Pacemaker: how do pacemakers work?
What is a pacemaker?
Every year, between 60,000 and 70,000 patients are implanted with a pacemaker in France, according to the Haute Autorité de Santé (HAS). " It is estimated that more than 90% of these patients are aged 75 and over "develops Dr. Claude Kouakam, cardiologist.
A pacemaker, what is it exactly? Specifically, a pacemaker is an electronic device that is installed in the pectoral region - left or right, under the clavicle - and is connected to the heart by an electric cable.
The pacemaker consists of a housing (which contains artificial intelligence and electronic components) and a probe (which monitors the heart rate). " It's a device that the cardiologist installs via a small surgical operation under local anesthesia "Dr. Kouakam notes.
The goal? Dealing with heart rhythm failures when it tends to beat too slowly - it's called bradycardia. " Bradycardia is opposed to tachycardiawhen the heart tends to beat too fast "explains the cardiologist.
How does a pacemaker work?
First thing to know: a healthy heart has its own natural pacemaker. " There are specialized cells in the heart that are responsible for sending an electrical pulse to the heart muscle to cause its contraction, at a specific rate, which continuously adapts to the needs of the body says Dr. Kouakam.
problem: in the case of bradycardia, these cells no longer fulfill their function completely. This is where the pacemaker comes in: " the pacemaker, via the probe that collects the electrical signal, continuously monitors the heartbeat. When it approaches the minimum value programmed by the cardiologist - for example, 50 beats per minute in the sedentary senior, 60 - 70 beats per minute in the active person - the pacemaker (via the probe which is directly heart contact) sends a very small electrical pulse (of the order of a few micro-amps!) to the heart muscle to force its contraction ".
What are the indications?
- " In the vast majority of cases, the installation of a pacemaker is linked to the normal aging (or premature) of the electrical circuit of the heartwhich results in bradycardia "explains the cardiologist.
- Some drugs (beta-blockers, anti-arrhythmics ...) can also cause bradycardia requiring the installation of a pacemaker.
- More rarely, a pacemaker may be necessary in case of hypertrophy of the heart, heart failure or congenital malformation.
Live normally (or almost) with a pacemaker, it is possible!
" It is obviously possible to live well with a pacemaker, moreover the president Jacques Chirac has been wearing one since 2008! "Fun Dr. Kouakam.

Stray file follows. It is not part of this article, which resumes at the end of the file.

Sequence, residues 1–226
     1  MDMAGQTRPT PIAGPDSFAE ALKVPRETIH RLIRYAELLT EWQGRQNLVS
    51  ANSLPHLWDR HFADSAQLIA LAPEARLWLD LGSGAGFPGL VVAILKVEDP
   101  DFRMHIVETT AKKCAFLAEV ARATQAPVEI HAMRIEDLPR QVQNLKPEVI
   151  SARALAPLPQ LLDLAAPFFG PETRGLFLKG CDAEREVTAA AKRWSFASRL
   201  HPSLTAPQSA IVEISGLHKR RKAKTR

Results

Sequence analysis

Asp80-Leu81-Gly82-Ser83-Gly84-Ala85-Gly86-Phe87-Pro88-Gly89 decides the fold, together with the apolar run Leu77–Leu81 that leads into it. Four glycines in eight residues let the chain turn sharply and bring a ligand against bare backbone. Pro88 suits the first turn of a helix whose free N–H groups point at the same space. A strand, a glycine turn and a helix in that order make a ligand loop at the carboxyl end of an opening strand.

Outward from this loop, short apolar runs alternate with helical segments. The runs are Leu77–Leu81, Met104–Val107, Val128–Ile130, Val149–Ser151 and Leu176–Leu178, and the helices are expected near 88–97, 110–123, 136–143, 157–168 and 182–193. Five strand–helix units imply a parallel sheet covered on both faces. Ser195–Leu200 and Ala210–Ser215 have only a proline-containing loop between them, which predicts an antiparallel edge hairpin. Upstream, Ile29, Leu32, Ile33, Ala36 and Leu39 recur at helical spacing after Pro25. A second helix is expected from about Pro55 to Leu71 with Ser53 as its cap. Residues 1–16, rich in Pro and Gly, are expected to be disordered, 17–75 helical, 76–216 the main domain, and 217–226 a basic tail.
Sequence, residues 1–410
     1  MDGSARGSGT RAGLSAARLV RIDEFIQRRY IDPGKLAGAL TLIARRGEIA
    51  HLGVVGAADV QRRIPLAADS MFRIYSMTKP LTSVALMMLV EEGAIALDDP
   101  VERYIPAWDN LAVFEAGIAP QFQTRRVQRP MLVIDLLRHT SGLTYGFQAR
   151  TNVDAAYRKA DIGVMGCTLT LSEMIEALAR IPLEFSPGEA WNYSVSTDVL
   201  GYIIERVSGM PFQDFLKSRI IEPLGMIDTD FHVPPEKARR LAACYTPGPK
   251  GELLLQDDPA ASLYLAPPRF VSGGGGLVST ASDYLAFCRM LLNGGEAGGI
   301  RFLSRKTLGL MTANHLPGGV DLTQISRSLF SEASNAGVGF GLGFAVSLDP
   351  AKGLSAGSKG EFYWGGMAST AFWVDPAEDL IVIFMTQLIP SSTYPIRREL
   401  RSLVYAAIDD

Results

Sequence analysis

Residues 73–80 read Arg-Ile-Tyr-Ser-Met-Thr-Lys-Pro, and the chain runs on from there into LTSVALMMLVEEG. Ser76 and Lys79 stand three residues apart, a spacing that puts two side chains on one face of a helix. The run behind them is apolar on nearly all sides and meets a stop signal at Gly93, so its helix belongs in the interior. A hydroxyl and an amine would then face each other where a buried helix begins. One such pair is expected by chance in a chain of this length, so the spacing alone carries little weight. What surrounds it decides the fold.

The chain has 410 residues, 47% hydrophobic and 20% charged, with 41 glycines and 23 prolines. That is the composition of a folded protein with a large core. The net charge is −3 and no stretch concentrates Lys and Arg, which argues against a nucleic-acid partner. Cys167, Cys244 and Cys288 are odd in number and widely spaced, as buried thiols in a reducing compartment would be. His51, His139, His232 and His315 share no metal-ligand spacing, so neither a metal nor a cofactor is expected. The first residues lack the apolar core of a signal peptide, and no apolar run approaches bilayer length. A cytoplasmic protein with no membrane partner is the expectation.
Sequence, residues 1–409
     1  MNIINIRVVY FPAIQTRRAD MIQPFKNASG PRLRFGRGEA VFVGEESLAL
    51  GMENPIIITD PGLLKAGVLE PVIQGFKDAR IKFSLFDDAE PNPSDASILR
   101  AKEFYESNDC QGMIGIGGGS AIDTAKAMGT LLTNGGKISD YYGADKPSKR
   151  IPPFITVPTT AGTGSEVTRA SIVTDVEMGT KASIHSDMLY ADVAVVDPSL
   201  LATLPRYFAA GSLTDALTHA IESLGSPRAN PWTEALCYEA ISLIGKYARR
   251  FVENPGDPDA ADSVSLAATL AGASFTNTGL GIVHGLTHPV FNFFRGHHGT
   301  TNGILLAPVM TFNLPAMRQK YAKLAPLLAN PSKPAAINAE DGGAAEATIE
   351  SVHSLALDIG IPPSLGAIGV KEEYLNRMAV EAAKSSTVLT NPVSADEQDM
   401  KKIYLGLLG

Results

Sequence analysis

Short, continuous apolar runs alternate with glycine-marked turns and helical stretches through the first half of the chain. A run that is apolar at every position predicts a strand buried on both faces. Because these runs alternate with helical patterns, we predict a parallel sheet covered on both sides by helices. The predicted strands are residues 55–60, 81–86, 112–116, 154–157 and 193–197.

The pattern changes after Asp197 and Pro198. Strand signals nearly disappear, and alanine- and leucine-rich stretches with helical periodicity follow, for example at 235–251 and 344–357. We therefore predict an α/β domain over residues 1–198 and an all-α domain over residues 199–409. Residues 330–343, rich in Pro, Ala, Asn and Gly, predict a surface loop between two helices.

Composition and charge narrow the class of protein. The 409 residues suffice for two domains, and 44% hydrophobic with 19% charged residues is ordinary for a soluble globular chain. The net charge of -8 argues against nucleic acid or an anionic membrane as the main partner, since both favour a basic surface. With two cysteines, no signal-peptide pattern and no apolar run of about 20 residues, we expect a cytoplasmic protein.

Of course, wearing a pacemaker still requires regular "check" medical appointments (every 6 months or so). " It is necessary to change the device every 10 years and the probe has a lifespan of about 30 years "the cardiologist said, but it all depends on the use:" sports and / or very active people will probably need more frequent checks ".
On the side of limits, not much to report since "recent pacemakers really allow a lot of activities - most are even compatible with MRI":
- Contact sports (boxing, karate, rugby ...) are not recommended: " this is to avoid repeated blows on the pacemaker housing, placed under the skin ".
- Diving beyond 40 meters is also to be avoided: " the barometric pressure could have a negative impact on the device ".
In general, it is recommended to seek medical advice from your cardiologist before starting a new activity in case of wearing a pacemaker.
5 tips to know about pacemakers
- If the vast majority of pacemakers are for people aged 75 and over, it is also possible to put a pacemaker on a baby - for example, a congenital malformation of the heart muscle.
- The pacemaker is powered by a lithium battery.
- The pacemaker's case is titanium: it is the material best tolerated by the body with a risk of rejection almost zero. In case of allergy to titanium (this is rare), the pacemaker can be made of gold.
- Modern pacemakers can be programmed closer to natural physiology: the cardiologist can program a different minimum heart rate during the day and night.
- The pacemaker only concerns people suffering from bradycardia. In case of tachycardia (or for people who suffer from bradycardia and tachycardia), a defibrillator will be installed instead.
To know : Two major innovations will soon be available to patients: the pacemaker without probe ( ' it is a device that performs exactly the same function as the pacemaker, but there is no big box under the skin: an electronic microchip is simply positioned at the tip of the heart ") and the automated cardiac cell culture ( ' it's about cultivating specialized heart cells and then injecting them back into the heart to "fix" the electrical circuit - it's a biological pacemaker! ").
Thanks to Dr. Claude Kouakam, cardiologist at Lille University Hospital and member of the French Society of Cardiologist (SFC) and some French Federation of Cardiology (FFC).
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